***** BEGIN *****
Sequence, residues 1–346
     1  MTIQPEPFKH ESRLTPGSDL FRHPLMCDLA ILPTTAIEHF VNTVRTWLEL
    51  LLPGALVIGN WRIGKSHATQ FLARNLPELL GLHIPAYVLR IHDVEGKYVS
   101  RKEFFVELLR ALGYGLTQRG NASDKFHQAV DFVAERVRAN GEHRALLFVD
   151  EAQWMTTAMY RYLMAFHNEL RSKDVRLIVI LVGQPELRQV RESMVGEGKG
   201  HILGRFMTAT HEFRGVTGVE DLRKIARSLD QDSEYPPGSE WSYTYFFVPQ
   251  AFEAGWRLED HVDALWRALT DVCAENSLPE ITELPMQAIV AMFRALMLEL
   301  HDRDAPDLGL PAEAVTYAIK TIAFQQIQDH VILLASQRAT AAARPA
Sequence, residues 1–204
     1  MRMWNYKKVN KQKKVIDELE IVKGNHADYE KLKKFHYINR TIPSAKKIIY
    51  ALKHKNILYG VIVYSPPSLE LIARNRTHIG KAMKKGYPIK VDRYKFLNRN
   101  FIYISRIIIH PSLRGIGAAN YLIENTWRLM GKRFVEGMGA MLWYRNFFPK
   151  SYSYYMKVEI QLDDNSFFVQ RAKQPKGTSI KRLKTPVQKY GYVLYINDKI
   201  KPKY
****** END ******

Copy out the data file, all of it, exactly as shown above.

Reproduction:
Sequence, residues 1–346
     1  MTIQPEPFKH ESRLTPGSDL FRHPLMCDLA ILPTTAIEHF VNTVRTWLEL
    51  LLPGALVIGN WRIGKSHATQ FLARNLPELL GLHIPAYVLR IHDVEGKYVS
   101  RKEFFVELLR ALGYGLTQRG NASDKFHQAV DFVAERVRAN GEHRALLFVD
   151  EAQWMTTAMY RYLMAFHNEL RSKDVRLIVI LVGQPELRQV RESMVGEGKG
   201  HILGRFMTAT HEFRGVTGVE DLRKIARSLD QDSEYPPGSE WSYTYFFVPQ
   251  AFEAGWRLED HVDALWRALT DVCAENSLPE ITELPMQAIV AMFRALMLEL
   301  HDRDAPDLGL PAEAVTYAIK TIAFQQIQDH VILLASQRAT AAARPA
Sequence, residues 1–204
     1  MRMWNYKKVN KQKKVIDELE IVKGNHADYE KLKKFHYINR TIPSAKKIIY
    51  ALKHKNILYG VIVYSPPSLE LIARNRTHIG KAMKKGYPIK VDRYKFLNRN
   101  FIYISRIIIH PSLRGIGAAN YLIENTWRLM GKRFVEGMGA MLWYRNFFPK
   151  SYSYYMKVEI QLDDNSFFVQ RAKQPKGTSI KRLKTPVQKY GYVLYINDKI
   201  KPKY